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Attachment System Improvements in 1.1 - Privacy concerns

Discussion in 'General XenForo Discussion and Feedback' started by jwiechers, Oct 2, 2011.

  1. jwiechers

    jwiechers Member

    Not to be a killjoy, but this function walks a very fine line if you wish to give it the benefit of the doubt, it flat out violates EU data privacy laws if you don't. You (as a service provider) are *not* at liberty to "keep up with what the users are doing in private conversations", not even attachment-wise. You are allowed to inspect things like this, under very narrowly defined circumstances, varying by country.
    A function that can be easily accessible, that would display attachments of personal conversations whenever you inspect the regular attachment list, or that would be accessible to moderators as well would be problematical, to put it very mildly.

    Unless, of course, you put it in your ToS that private conversations aren't private and are routinely beeing snooped if attachments are present... suboptimal, if you ask me.
     
    Ingenious, Digital Doctor and kyrgyz like this.
  2. Trekkan

    Trekkan Well-Known Member

    Not everyone lives in the EU and not all forums are public. Fair enough point you made, but let's try and stop having software limit those that don't have such restrictions and have administrators be responsible for their own actions/configurations.
     
  3. jwiechers

    jwiechers Member

    Well, let me put it like this: you've got to be creative to find any western country where you're allowed to do what this browser allows, even the US, which is worse than some banana republics with regard to data privacy and whose check-ups on companies who declare Safe Harbor compliance is dismal, has provisions that very likely forbid this. ;-)

    I've got nothing against the function though, if the ToS clearly state that it's there it's still not entirely fine for many countries, but you'll likely get away with it unless we're talking pretty major players.
    I just wanted to mention that this *is* a very hot topic.
     
  4. Alfa1

    Alfa1 Well-Known Member

    AFAIK PMs are not recognized anywhere as private data, like email and physical letters are. Could you please reference your claims that browsing PM attachments might not be legal?
     
    zaiger and erich37 like this.
  5. Marc

    Marc Well-Known Member

    I always thought that there were conversations that allow people to contact others directly as apposed to being private messages. Could just be me ;)
     
  6. Kevin

    Kevin Well-Known Member

    Or, if you live in such a country (I know Germany, for example, is pretty stringent) you could just not give your users permissions to do PM attachments while the rest of the world goes along happy with the new functionality.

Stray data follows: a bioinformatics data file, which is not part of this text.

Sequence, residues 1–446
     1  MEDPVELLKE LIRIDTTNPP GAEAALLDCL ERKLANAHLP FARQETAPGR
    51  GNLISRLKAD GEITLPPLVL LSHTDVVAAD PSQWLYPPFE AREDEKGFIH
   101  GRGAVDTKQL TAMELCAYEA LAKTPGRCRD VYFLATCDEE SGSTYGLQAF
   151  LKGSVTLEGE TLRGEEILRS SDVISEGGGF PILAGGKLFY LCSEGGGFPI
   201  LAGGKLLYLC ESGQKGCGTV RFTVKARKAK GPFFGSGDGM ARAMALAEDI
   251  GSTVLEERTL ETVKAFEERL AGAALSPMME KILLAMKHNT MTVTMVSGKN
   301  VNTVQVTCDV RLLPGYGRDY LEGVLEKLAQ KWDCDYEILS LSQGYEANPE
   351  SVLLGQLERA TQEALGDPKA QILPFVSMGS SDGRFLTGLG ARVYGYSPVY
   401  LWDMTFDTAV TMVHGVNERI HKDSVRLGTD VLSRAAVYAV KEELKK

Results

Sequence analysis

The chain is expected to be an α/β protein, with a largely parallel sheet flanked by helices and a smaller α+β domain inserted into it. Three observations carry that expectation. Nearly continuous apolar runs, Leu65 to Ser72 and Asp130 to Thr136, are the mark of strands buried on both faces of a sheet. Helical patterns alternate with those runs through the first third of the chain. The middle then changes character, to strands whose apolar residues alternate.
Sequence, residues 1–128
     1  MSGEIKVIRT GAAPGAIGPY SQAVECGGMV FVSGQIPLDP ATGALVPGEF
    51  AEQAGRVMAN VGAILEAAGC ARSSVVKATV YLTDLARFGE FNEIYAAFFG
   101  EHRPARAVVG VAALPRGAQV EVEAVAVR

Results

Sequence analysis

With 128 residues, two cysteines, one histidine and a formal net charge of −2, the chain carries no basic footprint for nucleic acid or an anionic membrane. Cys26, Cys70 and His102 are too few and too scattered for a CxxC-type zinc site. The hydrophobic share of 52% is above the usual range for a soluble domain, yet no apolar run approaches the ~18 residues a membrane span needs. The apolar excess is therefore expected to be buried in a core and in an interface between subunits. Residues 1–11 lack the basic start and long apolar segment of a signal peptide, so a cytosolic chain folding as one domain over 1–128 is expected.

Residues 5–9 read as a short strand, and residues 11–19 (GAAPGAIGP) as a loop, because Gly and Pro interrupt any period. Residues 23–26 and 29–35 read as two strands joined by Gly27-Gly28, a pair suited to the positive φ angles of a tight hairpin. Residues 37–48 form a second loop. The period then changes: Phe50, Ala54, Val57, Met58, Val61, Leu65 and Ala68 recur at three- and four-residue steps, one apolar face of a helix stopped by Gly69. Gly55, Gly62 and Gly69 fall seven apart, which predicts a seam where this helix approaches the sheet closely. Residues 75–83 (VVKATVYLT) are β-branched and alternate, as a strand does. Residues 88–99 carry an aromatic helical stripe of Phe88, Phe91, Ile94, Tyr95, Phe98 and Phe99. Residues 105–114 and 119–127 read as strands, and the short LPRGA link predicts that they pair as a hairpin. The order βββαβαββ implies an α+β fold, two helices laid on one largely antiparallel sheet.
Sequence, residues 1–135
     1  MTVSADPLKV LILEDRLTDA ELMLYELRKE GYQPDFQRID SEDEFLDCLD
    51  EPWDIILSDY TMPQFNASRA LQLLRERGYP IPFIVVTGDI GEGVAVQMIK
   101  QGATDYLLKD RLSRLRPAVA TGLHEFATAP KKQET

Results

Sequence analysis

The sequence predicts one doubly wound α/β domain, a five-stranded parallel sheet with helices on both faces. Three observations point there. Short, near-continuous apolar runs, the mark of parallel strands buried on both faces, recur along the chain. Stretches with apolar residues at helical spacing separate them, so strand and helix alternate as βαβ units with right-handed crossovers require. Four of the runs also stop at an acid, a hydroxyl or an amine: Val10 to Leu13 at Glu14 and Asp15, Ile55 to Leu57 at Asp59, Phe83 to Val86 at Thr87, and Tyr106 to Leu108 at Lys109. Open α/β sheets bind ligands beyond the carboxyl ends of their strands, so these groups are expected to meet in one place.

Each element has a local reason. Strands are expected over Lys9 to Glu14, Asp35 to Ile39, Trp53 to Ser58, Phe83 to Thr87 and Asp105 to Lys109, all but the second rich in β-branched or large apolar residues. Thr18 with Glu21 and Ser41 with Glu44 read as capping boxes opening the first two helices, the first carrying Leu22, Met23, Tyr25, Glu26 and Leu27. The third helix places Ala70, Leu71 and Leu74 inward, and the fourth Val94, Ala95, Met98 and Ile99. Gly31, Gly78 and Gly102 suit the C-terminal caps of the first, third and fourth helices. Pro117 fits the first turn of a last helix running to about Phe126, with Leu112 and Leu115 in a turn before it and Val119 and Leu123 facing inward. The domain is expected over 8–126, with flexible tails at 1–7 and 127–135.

7. James

    James Well-Known Member

    The feature is named Conversations, there is no privacy implied. The only feature it allows is a one-on-one (or group) conversation.
     
  8. kyrgyz

    kyrgyz Well-Known Member

    I imagine Kier/Mike/Ashley did get their lawyers' advice before making attachments in personal conversations searchable by admins.

    First the definition:
    Next:
    Additional thoughts:
     
  9. jwiechers

    jwiechers Member



    Whatever gave you that idea?
    I know this argument has been advanced previously, but never understood why people figured that it was the case.

    Depending on the jurisdiction, a forum membership is either an actual contractual relationship, semicontractual or quasicontractual, and you're considered a service provider, which comes with a lot of baggage.

    Privacy laws are formulated with a vague language in order to apply to a very wide class of scenario, irrespective of the technologies used, there generally isn't a data privacy law specifically forbidding tapping emails or faxes or private messages because there are wider provisions on wiretapping, interception of communication and other means of invasion of privacy that adequately cover the issue and courts generally let the it boil down to the very simple consideration whether the user can reasonably expect that a certain information is "private" or directed to a specific audience of his choosing. If that's the case, stuff is likely private, no matter how trivial it is for you to look at it with phpMyAdmin.

    In the US, the most likely starting point would be the Stored Communications Act, only recently invoked in a number of cases, in the EU you may look into the Data Protection Directive (95/46/EC), in the UK, the Data Protection Act of '98 is your friend.

    As a caveat, I have to say that US federal law on the matter is considerably weaker than EU or British law, even though some states have quite strong auxilliary provisions, but in general, while I am not aware of a court case actually testing this, I wouldn't bet my hat on coming out on top if I had to argue that user "private messages" are generally understood by the users to be "not private". Calling them conversations likely won't change that, because those, too, are generally assumed and understood to be conversations "among the participants".